With one butterfly section already installed at the farm (in record time!) by the fifth grade class 5A, work has already begun on the second section- the entrance into the forest! For those who pay close attention, the edge of a given forest or woodland area is always teeming with life. With so much competition for dappled light in the heart of the forest, the edges become a place where light-loving plants leap with growth. Inevitably, annual weeds, vines, and a whole multitude of flowering plants erupt in these conditions, leading to increased butterfly activity. What’s more, several tree species- including our state tree, the tulip poplar- are actually host plants for certain butterflies, adding to the value of a forest edge.
Since the edges of forests naturally draw butterflies, the New Hope fifth grade class 5C has been charged with the task of making a few garden beds right before the entrance into the forest. With guidance from Mr. Vaughan, these fifth grade student s have already begun the hard work of ‘shaving’ off the existing Bermuda grass in three 12 ft by 4 ft areas. With the grass out of the way, the class will then begin the tedious process of digging swales, or water ditches, in front of where these three beds will eventually go. The swales will act as erosion control, catching the runoff water that will inevitably fly down the heavy sloped land. Once the water hits the swales (which are designed to be level all the way across), it will slowly seep into the ground, watering the butterfly host plants that the class will get to plant in the beds. This system is very similar to the long farm berms, and will add a wonderful natural-watering element to the forest edge. The plants that will go in these beds- all being currently researched by the fifth grade class- are all native plants that thrive in a thicker clay-based soil. Because they are native to this area, they will thrive in our hot, humid summers and will even tolerate periods of drought!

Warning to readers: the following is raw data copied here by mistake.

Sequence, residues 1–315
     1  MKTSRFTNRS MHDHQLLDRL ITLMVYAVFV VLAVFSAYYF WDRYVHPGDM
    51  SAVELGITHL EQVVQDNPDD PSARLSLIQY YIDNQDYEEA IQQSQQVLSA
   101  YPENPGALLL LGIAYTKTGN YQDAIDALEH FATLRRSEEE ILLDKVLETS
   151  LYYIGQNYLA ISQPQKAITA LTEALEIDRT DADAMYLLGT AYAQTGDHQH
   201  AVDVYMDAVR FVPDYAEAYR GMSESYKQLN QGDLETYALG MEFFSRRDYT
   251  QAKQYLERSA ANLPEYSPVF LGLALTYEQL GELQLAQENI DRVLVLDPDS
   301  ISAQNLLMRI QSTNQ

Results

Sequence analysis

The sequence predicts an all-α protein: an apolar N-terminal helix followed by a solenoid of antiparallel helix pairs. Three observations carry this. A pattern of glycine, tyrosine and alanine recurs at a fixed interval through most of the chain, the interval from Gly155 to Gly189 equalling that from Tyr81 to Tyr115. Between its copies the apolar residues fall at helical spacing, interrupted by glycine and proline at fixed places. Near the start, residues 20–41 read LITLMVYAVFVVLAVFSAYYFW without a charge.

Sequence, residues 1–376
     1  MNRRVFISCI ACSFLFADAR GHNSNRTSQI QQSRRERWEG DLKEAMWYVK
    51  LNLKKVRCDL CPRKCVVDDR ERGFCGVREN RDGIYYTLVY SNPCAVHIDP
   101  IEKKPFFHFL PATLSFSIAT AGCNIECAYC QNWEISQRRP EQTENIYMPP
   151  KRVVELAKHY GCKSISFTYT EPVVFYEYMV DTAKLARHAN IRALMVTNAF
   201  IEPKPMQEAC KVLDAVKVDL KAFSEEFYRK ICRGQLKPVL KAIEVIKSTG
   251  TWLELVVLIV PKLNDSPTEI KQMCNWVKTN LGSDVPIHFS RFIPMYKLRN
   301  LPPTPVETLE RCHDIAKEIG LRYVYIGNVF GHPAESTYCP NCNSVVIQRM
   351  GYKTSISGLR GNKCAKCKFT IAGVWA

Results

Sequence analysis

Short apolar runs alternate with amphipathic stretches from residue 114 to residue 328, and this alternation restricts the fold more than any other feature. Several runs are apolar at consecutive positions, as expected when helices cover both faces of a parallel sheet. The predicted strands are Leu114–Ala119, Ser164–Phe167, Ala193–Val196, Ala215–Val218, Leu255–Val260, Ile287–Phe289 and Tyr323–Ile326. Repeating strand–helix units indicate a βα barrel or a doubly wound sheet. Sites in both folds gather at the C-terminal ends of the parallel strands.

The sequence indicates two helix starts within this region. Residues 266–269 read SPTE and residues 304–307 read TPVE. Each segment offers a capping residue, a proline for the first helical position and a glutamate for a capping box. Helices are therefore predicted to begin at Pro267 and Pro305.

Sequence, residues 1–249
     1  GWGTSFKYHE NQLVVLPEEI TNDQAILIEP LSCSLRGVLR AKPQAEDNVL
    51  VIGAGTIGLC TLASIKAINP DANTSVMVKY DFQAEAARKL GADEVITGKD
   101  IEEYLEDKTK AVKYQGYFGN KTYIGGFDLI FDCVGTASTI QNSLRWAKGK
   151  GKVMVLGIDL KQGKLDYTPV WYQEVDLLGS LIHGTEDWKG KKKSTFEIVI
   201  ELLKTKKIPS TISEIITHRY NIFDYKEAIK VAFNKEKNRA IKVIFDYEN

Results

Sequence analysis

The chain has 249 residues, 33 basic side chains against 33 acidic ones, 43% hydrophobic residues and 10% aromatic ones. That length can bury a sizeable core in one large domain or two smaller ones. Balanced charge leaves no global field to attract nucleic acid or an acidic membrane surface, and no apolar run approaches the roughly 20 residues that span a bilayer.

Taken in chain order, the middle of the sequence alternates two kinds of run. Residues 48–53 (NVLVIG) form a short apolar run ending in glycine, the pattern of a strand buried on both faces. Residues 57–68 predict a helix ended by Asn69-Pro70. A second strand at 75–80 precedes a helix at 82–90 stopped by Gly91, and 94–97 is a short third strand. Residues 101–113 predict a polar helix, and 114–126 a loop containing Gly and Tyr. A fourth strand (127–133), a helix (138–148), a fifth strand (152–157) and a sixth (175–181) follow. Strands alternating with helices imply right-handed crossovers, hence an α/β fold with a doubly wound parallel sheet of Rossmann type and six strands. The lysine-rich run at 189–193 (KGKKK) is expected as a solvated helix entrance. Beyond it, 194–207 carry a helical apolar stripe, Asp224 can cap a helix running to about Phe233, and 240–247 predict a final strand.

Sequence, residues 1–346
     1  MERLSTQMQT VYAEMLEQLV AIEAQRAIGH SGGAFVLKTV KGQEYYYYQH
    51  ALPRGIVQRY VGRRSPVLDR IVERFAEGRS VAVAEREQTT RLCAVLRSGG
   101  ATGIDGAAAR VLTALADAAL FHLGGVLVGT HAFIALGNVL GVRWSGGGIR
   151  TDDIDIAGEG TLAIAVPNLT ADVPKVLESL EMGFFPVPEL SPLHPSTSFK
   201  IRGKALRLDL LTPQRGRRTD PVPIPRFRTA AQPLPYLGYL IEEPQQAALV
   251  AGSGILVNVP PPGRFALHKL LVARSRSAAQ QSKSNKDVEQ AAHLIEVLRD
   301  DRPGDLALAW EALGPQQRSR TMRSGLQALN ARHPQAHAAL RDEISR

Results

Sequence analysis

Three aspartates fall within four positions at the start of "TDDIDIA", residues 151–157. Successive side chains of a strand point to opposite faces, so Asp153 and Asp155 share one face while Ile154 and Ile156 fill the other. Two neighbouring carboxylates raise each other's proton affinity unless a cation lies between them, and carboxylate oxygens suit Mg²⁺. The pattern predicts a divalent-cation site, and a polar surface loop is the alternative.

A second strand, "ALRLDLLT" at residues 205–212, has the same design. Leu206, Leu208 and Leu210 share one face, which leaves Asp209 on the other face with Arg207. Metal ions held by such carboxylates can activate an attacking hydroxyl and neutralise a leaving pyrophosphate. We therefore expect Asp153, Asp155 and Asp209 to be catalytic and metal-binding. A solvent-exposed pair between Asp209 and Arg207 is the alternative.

In addition to these three new beds, the New Hope team is also working hard on transforming the forest edge into an orchard! The New Hope Urban Farm already hosts a multitude of fruit trees and cane berries. With apples, pears, figs, blackberries, blueberries, muscadines, and Asian persimmons already growing in our 3/4 acre lot, the farm is packed with all sorts of delicious treasures for students to eat and learn about. With only a limited amount space, however, addition trees would leave the farm a little too tightly planted. The forest edge, however, provides a perfect spot for new fruit tree additions. With enough room for people to meander down to the forest entrance- but also a little dappled shade created by the growing fruit trees in the years to come- a small orchard of rare fruits seemed like the perfect complement to the new butterfly beds. The orchard will include trees rarely talked about in Memphis: three Russian Pomegranates, three Asian Persimmons, and three Serviceberries. Diversity at New Hope is our strength, and the farm and forest are no different! These additions will provide students with rare opportunities to learn from (not to mention eat from!) fruit trees that they may not have heard of before.